Did you know, for example, that you can fly from Split to Dubrovnik, but not from Dubrovnik to Split?
Croatia Airlines sadly does not have the best internal flight network. It has been left to private Croatian airline Trade Air to cover some of the routes, including a summer connection from Split to Dubrovnik.
Ah, seaplanes. It was great while it lasted, and the two years of European Coastal Airlines operations along the Adriatic coast and islands certainly slashed travel times, including a connection from downtown Split to Dubrovnik Airport.
Sadly, the company is now in pre-bankruptcy proceedings, and according to a recent TCN interview with an industry expert, the future of seaplanes in Croatia is far from clear.
Helicopters are often talked about but rarely delivered. We have been hearing of a new reliable service coming to the market. If you are in the market for a helicopter transfer, contact us at [email protected] Subject Helicopter.
You CAN take a taxi between the two cities, but we wouldn’t advise it from a purely financial point of view, when there are private transfer options which are much more affordable.
Private transfers from Split to Dubrovnik start at around 250 euro per transfer, depending on the level of comfort you are looking for, with prices rising considerably if you are looking for a speedboat or helicopter transfer.
One of the additional benefits of a private transfer is the ability to arrange some stopping off points along the way. If you are looking for the best private transfer options, contact us at [email protected] Subject Transfer
If you are coming from Dubrovnik and flying out of Split, allow a little extra time, as Split Airport is on the other side of the Dalmatian capital, another 20-30 mins of journey time.
From the motorway exit at Dugopolje, head into Split and then head out to Trogir, yet another UNESCO World Heritage Site, which is located close to Split Airport.
And similar advice if you are heading the other way, as Dubrovnik Airport is situated east of the city, on the road to Montenegro.
As mentioned above, one travel tip to beat the crowds is to continue along the motorway from Split to Medjugorje in Bosnia, then take the fast and quiet back road through Stolac and Trebinje.
Yes, just about…
With the very best traffic and you driving, the travel time is going to be a minimum of six hours round trip, and that is before you have looked for parking… A few delays and that can become 8 or 9.
Tourist agencies do offer day trips between the two cities, but you will really only get a brief introduction, and I would advise an overnight stay should time and budget allow.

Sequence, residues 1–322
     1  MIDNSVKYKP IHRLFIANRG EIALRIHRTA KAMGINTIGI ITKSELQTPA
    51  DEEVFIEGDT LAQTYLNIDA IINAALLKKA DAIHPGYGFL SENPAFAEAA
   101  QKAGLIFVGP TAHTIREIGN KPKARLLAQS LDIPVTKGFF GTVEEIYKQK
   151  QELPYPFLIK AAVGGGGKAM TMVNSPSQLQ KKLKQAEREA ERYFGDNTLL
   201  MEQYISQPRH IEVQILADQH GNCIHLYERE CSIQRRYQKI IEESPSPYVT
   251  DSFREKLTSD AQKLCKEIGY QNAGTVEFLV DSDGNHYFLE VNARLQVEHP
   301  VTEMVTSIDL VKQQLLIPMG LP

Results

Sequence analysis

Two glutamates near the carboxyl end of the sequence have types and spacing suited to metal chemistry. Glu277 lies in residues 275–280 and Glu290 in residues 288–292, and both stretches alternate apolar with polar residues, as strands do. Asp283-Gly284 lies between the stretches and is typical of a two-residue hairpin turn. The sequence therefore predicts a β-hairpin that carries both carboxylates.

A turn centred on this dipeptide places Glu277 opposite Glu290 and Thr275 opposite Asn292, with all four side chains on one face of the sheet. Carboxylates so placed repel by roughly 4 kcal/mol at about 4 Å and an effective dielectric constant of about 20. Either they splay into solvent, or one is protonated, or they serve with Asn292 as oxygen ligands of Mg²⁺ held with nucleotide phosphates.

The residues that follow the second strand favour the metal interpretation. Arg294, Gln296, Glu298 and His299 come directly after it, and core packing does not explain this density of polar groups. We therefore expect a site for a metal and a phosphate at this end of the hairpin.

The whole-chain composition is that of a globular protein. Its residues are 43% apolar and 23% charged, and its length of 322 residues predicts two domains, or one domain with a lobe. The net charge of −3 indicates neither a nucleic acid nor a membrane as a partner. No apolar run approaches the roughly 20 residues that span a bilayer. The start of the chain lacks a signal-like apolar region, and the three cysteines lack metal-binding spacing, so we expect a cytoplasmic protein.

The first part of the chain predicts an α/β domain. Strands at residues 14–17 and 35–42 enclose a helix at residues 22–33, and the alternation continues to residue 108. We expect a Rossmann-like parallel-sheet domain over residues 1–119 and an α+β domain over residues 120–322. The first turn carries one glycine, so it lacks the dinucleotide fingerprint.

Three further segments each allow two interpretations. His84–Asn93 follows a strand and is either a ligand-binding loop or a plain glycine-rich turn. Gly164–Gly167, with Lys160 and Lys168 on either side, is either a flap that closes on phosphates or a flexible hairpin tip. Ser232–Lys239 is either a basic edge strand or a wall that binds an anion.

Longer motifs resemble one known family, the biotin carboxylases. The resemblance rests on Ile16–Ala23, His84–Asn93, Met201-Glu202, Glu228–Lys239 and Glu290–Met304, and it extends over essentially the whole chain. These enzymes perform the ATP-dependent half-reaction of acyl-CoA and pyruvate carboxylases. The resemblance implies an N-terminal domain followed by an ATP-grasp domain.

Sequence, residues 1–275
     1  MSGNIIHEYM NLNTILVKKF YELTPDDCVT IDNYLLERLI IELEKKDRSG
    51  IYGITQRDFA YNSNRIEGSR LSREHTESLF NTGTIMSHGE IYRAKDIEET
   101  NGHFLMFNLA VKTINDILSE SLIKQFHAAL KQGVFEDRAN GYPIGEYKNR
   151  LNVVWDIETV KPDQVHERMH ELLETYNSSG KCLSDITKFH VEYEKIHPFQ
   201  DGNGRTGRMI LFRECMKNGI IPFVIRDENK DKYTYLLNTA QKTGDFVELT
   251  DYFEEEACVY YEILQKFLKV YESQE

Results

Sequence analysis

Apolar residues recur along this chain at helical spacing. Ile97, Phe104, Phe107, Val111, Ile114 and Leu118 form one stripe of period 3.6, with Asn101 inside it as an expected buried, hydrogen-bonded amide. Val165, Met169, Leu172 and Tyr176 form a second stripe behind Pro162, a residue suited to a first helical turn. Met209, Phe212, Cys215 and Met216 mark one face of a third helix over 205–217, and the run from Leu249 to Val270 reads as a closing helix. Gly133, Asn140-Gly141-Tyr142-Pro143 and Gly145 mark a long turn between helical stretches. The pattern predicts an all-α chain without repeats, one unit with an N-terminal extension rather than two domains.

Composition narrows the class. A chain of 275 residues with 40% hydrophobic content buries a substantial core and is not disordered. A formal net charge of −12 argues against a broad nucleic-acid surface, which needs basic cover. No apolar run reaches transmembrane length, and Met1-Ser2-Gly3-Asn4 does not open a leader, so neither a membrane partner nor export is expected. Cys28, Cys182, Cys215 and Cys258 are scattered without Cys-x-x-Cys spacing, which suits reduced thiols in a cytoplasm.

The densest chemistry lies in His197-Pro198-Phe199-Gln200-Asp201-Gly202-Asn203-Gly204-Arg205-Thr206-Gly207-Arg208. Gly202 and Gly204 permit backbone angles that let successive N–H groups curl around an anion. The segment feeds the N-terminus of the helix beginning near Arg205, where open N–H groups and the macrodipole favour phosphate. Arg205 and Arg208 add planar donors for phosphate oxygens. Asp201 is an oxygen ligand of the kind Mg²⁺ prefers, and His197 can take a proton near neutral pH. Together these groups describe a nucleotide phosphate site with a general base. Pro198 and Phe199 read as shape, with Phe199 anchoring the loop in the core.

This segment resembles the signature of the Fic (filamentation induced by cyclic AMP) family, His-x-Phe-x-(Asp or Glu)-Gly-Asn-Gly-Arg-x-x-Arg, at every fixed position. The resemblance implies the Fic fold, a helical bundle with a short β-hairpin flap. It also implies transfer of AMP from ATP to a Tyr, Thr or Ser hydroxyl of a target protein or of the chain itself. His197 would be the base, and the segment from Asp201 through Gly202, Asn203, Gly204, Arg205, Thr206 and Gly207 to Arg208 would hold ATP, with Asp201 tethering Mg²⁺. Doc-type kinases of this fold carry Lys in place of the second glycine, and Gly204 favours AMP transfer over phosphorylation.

Of course, not everyone is in a hurry to travel between Split and Dubrovnik. Some people take seven days…
Sailing between Split and Dubrovnik is one of the absolute highlights of life on the Adriatic, with islands such as Solta, Hvar, Bra, Mljet and Korcula to enjoy along the way.
Interested? Now take a look at what is on offer from our friends at And Adventure – a mouthwatering 7-day itinerary, combining sailing and kayaking.
There is also plenty to see on the mainland between Split and Dubrovnik if you are not in a hurry.
Among the highlights along the coast are the tomb of King Arthur in Podstrana (yes, really), the Cetina river and pirate town of Omis, the gorgeous beaches of the Makarska Riviera, the wonderful arboretum at Trsteno, quick diversions for wine tasting on the Peljesac Peninsula or the stunning old town of Mostar with its iconic bridge.
But top of the list for me would be the town of Ston and its cute little brother, Mali Ston, which lies not from the Bosnian border on the Dubrovnik side.
What can I say? Here you will find the biggest salt pans in the region, supposedly the longest fortified wall (5.5km) outside of China, and some of the best oysters on the planet. And if you want to taste the oysters in real style, where better than the only floating bar on the Adriatic – learn more about the fabulous Bote Sare oyster experience in Mali Ston.
But don’t miss out on those gorgeous islands, at least one way. There are so many treasures to see, and combinations of ferries and catamarans can get you slowly there.
Alternatively, do it the adrenaline way, as local agencies have really developed their offers in recent years to allow island-hopping excursion by bike, kayak and sailing.
After MANY years of speculation and announcements, construction of the Peljesac Bridge has finally begun. Once completed, the bridge will physically connect Dubrovnik and southern Dalmatia to the rest of the country via the Peljesac Peninsula.
Currently, as a result of the Dayton Peace Agreement, Croatia was divided into two with the creation of the Neum Corridor, giving Bosnia and Hercegovina access to the sea.
The bridge has been highly contentious politically, but it seems that things are now finally moving ahead.
The biggest benefit for all will be the end of the need to cross through two external EU borders through the Neum Corridor, which should speed up travel time considerably.
Plans to finish the motorway to Dubrovnik still exist, although the project seems to be on hold for some time now. You can follow TCN coverage of the Peljesac Peninsula here.